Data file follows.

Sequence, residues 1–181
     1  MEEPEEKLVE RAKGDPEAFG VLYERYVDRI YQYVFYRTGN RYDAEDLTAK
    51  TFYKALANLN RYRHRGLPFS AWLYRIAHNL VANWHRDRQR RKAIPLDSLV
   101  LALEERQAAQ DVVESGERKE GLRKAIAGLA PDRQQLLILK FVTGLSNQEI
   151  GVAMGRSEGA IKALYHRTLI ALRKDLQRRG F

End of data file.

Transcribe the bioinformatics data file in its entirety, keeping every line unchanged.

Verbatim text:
Sequence, residues 1–181
     1  MEEPEEKLVE RAKGDPEAFG VLYERYVDRI YQYVFYRTGN RYDAEDLTAK
    51  TFYKALANLN RYRHRGLPFS AWLYRIAHNL VANWHRDRQR RKAIPLDSLV
   101  LALEERQAAQ DVVESGERKE GLRKAIAGLA PDRQQLLILK FVTGLSNQEI
   151  GVAMGRSEGA IKALYHRTLI ALRKDLQRRG F